In the never-ending fight to stay relevant, Yahoo! has made the interesting move of buying Tumblr, a six year old social blogging site, popular with teenagers and young adults as an arena to express themselves. Tumblr’s users are typically young and creative; exactly the kind of market Yahoo – and everyone else – wants to tap into.
On yer skateboard mum!
Despite the obvious motives, the move seems a strange one, akin to your mum taking up skateboarding in a bid to stay youthful and exciting. So, is this just a mid-life crisis, or is it a very clever business move by Yahoo’s CEO Marissa Mayer?
Mayer has already addressed the concerns of the typically socially awkward user base of Tumblr and has promised – and I quote – “not to screw it up”. Having spent $1.1 billion on the acquisition of Tumblr from the young creator David Karp, Yahoo can do anything they want to with the social blogging site, but it is already successful in terms of audience and there are fears that messing around with it may hinder this success.
Justifying the expense
Marissa Mayer’s new toy may have a great following but, in terms of revenue, it doesn’t cut the mustard. The site only generated $12 million in revenue last year, and so to justify the buying price she will need to implement a pretty major shake-up to make the site pay. Tumblr’s audience has expendable cash by the bucket load and is part of the highly sought after 18-25 market that others like Facebook and Google are working hard to tap into.
At present, all ads are buried within the user’s timeline. When you log in to Tumblr, you do not immediately see ads – there are no banners, no sidebars and no overt commercialisation of the site at all. To coin The Social Network, “you don’t want to ruin it with ads because ads aren’t cool”, and right now Tumblr is still cool. The 100 million+ bloggers and even higher numbers of users are not likely to take kindly to having to share their space with advertisers, when the lure of the site is that it is completely customisable. Blogs are a representation of their owners, and timelines are customised to include only the things you want to see, and shoehorning ads in will be both irritating and obvious.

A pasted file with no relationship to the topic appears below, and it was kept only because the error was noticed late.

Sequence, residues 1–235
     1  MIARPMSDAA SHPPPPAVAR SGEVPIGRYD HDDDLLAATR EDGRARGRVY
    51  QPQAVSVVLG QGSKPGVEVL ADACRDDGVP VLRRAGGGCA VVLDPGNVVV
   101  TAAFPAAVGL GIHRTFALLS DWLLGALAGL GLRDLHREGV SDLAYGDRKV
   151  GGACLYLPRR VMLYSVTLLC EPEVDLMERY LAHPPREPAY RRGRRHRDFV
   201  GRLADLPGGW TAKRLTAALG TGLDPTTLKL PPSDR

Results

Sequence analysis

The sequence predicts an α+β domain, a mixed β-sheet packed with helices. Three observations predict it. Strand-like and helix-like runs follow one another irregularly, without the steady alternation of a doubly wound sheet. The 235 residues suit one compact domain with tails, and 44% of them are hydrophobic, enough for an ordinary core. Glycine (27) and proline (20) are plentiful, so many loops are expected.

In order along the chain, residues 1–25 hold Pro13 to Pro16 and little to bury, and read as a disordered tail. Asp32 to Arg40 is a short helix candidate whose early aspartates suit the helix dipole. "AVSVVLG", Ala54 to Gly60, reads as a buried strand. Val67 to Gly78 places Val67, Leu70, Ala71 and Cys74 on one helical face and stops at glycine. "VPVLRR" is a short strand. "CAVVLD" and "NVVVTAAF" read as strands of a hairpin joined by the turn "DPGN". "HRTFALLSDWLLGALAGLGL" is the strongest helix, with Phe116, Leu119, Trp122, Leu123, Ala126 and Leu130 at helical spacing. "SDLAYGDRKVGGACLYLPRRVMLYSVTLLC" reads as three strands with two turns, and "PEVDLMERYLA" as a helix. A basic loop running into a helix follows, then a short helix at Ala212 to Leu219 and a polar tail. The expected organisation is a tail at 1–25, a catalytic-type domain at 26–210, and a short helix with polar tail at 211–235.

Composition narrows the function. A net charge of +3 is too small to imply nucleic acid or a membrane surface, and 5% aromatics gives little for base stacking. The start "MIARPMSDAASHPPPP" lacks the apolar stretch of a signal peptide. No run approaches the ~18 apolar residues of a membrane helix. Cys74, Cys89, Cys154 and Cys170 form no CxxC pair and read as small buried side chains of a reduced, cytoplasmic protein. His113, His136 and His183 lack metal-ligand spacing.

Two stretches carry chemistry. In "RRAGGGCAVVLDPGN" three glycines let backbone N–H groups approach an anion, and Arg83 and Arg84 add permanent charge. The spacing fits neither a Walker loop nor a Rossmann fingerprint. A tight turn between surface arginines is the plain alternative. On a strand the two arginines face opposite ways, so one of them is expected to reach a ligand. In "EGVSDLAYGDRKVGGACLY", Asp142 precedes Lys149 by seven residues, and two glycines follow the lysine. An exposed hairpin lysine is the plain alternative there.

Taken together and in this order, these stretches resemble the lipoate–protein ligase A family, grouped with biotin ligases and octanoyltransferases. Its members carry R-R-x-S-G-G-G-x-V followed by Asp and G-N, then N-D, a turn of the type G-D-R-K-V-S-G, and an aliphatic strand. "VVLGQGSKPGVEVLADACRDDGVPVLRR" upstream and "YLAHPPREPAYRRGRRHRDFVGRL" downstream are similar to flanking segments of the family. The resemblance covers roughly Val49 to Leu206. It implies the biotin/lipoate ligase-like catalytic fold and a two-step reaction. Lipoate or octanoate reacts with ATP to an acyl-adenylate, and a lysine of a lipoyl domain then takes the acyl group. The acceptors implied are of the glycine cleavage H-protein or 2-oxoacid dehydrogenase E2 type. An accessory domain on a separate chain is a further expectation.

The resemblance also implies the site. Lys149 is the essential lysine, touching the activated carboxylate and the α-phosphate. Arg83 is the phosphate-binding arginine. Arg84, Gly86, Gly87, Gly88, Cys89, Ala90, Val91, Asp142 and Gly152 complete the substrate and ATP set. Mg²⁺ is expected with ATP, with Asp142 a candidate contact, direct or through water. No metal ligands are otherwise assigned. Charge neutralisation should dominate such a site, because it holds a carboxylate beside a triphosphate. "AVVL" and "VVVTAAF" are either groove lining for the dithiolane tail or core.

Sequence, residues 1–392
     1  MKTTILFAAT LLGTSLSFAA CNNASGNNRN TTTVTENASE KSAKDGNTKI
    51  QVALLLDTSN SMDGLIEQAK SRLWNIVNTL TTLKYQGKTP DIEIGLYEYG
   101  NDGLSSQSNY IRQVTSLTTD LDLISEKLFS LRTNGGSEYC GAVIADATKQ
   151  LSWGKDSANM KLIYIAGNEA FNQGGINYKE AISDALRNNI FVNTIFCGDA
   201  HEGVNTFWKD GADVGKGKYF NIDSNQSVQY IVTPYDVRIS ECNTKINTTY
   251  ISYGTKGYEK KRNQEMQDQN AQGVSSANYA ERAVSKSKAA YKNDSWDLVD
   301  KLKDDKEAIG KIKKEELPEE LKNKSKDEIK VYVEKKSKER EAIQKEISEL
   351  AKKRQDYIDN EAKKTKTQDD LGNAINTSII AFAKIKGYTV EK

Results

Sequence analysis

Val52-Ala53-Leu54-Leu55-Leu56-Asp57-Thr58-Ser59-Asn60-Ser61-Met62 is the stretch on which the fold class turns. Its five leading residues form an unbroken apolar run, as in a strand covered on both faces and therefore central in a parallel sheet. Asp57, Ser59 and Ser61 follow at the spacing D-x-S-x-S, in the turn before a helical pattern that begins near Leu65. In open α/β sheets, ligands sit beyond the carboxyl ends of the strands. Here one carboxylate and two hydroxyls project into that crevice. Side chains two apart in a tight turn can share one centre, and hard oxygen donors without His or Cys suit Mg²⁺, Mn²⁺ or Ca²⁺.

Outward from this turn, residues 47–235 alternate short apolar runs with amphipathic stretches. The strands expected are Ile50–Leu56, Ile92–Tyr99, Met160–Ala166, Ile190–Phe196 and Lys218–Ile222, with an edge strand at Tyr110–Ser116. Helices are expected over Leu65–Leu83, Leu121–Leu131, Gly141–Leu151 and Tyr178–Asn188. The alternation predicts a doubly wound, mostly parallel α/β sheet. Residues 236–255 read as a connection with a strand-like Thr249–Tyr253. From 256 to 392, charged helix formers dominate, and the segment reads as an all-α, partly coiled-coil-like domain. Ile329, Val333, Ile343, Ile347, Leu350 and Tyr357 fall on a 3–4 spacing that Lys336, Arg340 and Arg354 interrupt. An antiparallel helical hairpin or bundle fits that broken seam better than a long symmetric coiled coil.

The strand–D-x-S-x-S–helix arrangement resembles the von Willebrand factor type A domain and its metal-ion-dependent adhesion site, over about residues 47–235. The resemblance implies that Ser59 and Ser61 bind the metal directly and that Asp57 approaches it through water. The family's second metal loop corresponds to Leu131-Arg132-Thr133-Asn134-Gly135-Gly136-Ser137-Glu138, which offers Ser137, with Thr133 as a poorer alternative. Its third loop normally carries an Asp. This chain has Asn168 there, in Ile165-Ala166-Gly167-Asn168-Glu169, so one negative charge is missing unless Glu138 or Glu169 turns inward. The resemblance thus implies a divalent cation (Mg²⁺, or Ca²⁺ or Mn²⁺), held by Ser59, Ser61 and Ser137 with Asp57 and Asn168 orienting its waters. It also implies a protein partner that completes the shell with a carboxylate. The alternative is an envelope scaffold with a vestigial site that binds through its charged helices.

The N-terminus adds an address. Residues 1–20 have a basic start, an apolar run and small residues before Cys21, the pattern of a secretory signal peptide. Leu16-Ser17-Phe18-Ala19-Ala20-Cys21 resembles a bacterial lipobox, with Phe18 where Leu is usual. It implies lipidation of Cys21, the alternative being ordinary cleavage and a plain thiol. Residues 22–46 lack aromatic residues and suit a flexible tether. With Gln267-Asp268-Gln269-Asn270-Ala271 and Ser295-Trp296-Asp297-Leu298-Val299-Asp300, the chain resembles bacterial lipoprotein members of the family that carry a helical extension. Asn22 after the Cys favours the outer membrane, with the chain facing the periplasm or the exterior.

Inviting your mum to a party
Yahoo is 20 next year, which in internet terms is ancient for a company that ceased being fresh and relevant a long time ago. There was a time when many people may have had a Yahoo email address and used the site as their go-to search engine, but for anyone under 40 these days have long passed. Yahoo still exists because there are creatures of habit – almost exclusively not internet natives – who have been using Yahoo since they first adopted the internet in the days of dial-up.
In short, Yahoo is a dinosaur and there are fears amongst the coveted youth market that Yahoo will ruin the fun. Part of the appeal of Tumblr is the fact that, unlike Facebook, users are allowed to post NSFW content with no intervention, something that doesn’t fit with Yahoo’s family friendly, mumsy image at all. If the freedom to post a great mix of things goes from Tumblr, then it is likely that the users will follow. Some members are already migrating to WordPress in protest at the takeover.
Yahoo! has somewhat of a reputation for messing things up. Mayer’s statement proves that they are all too aware of this. There was the acquisition of Delicious, then not long after the subsequent resell, having made a mess of it. Similarly, Flickr was bought by Yahoo and then neglected into irrelevance.
Leave those kids alone
Hopefully, Mayer has already realised the dangers of messing about with a format that so many love and use several times a day. The 18-25s are a particularly difficult market to win given the fickle nature of trends and loyalties. With the right approach, Yahoo! may be able to finally close the net on this tricky sector of the market as they now have it in the palm of their hands.
They have already opted to keep David Karp on as CEO, therefore retaining the young figurehead for the brand. This, combined with hints that the content rules will not change, means that they are hopefully planning to largely keep Tumblr as it is. The trick then is to find a way to advertise and sell to the audience without it being too overt, garish or letting it get in the way of the prime function of the site. It’s quite a task, but if they can pull it off, Yahoo! might have found the fountain of youth.